looking beyond borders

foreign policy and global economy

Archive for the category “Russia”

How Putin Changed Russia Forever

In the two decades since rising to the top of the Kremlin, Putin has consolidated power and strengthened Russia’s role on the world stage. Many of these changes, which have come at no small cost, would have been unfathomable at the turn of the century; Putin’s election marked the country’s first democratic change of power. With Moscow now paving the way for Putin to rule until 2036, one of the world’s most powerful leaders may well become one of the world’s longest-serving.

Read Here – Foreign Policy

Oil Crisis Tests Putin’s Skill To Project Strength

The global economic consequences of COVID-19 would inevitably slow Russian economic growth. A prolonged collapse in oil prices would almost certainly push the economy into recession. Putin’s promises evaporated. In these circumstances, Putin needs to raise and stabilize oil prices. The question was how to do that without appearing to yield to Saudi or American pressure.

Read Here – Yale Global

Putin Endorses Legislation Enabling Him To Run For President Again

At the urging of President Vladimir V. Putin, Russia’s lower house of Parliament passed legislation Tuesday allowing him to run for a fifth term as president.  Putin, who is 67 years old and was first elected in 2000, noted that the legislation would still have to be approved by Russia’s Constitutional Court and in a nationwide plebiscite in April.

Read Here – The New York Times

Russia’s Deep State Holds The Key To Succession

Putin’s single biggest achievement in two decades in power—his true legacy—has been to re-empower the state bureaucracy…No part of this bureaucratic apparatus matters more than the national security establishment—the vast, hydra-headed complex of military, intelligence, and law enforcement ministries. These institutions may well determine not only who becomes the next president of Russia but what Russian politics will look like after Putin.

Read Here – Foreign Affairs

The Fate Of The China-Russia Alliance

These days, many people in the Washington foreign policy establishment seem to agree that most of the world’s problems can be put down to either Beijing’s purported insistence on building a new, nefarious world order comprising “all under heaven,” or Moscow’s wily attempts to spread its tentacles everywhere from Madagascar to Libya and possibly even America. Thus, Russian “stooges” and Chinese “useful idiots” are lingering around every corner, so it seems.

Read Here  – The National Interest

Who Is Russia’s New Prime Minister?

When Russians woke up last Wednesday morning, most had likely never heard of Mikhail Mishustin, the head of the country’s tax service. But by the time they went to bed that night, Mishustin had been named as Russia’s new prime minister after a day that included a flurry of proposed changes to the constitution and a series of dramatic shake-ups that saw the government resign en masse. It was the first real inkling of the power transfer to come, with President Vladimir Putin set to reach his constitutionally imposed term limit in 2024.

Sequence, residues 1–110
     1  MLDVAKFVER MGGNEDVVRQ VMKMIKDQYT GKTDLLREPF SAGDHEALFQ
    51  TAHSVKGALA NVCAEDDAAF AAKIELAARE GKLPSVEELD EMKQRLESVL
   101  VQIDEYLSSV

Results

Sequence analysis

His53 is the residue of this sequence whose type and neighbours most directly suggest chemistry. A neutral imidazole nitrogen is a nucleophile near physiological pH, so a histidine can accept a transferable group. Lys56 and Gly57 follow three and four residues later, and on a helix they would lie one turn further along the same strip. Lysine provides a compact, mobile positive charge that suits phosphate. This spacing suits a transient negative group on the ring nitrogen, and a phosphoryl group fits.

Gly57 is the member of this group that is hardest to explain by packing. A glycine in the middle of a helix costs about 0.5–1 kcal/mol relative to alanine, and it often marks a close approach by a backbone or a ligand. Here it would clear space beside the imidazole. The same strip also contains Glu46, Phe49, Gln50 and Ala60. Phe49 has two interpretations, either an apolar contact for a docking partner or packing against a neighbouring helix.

Read Here – Foreign Policy

The Politics Of Russia’s Primorsky Krai

Primorsky Krai is the eastern most point of East Europe, so east at that point that it stops looking like Europe and starts looking like Asia. So far east, that one tour guide at the state museum of Primorsky Krai, described Vladivostok as the edge of the world, and if the flat earth theory held true, then we’d fall off if we went any further east.

Read Here – The National Interest

Is Russia Worried About China’s Military Rise?

Even with its economy starting to slow down, China’s military is still on the rise. Years of higher military spending fueled by high economic growth are starting to manifest themselves in new technologies and newfound assertiveness. Beijing has made visible strides in its aviation, naval, and missile defense capabilities. Whether it be making territorial claims in the South China Sea or opening up its first overseas military base in Djibouti, China is starting to exert military influence in its near abroad and beyond.

Read Here – The National Interest

How The Kremlin Sees The Rest Of The World

Much of the Kremlin’s self-confidence stems from the belief that the Western world is changing in ways that suit Russia. Donald Trump is seen to represent a long-term trend in the US rather than a short-term blip: Russian analysts reckon that the US will be less focused on intervening around the world to uphold a liberal, rules-based, US-led order, and that it will be more nationalist, mercantilist and interest-focused. So in the long run, the US and Russia should be able to accommodate each other.

Read Here – The New Statesman

Russia and China sign deals worth $20 billion as Xi and Putin’s growing friendship bears fruit

China and Russia have signed more than US$20 billion of deals to boost economic ties in areas such as technology and energy following Xi Jinping’s summit with his “best friend” Vladimir Putin. The meeting between the two presidents, who have spoken of their desire to boost practical cooperation in the face of increasing rivalry with the United States, marked the start of Xi’s three-day visit to Russia to commemorate the 70th anniversary of the establishment of diplomatic relations between Moscow and Beijing.

Read Here – South China Morning Post

Post Navigation

%d bloggers like this: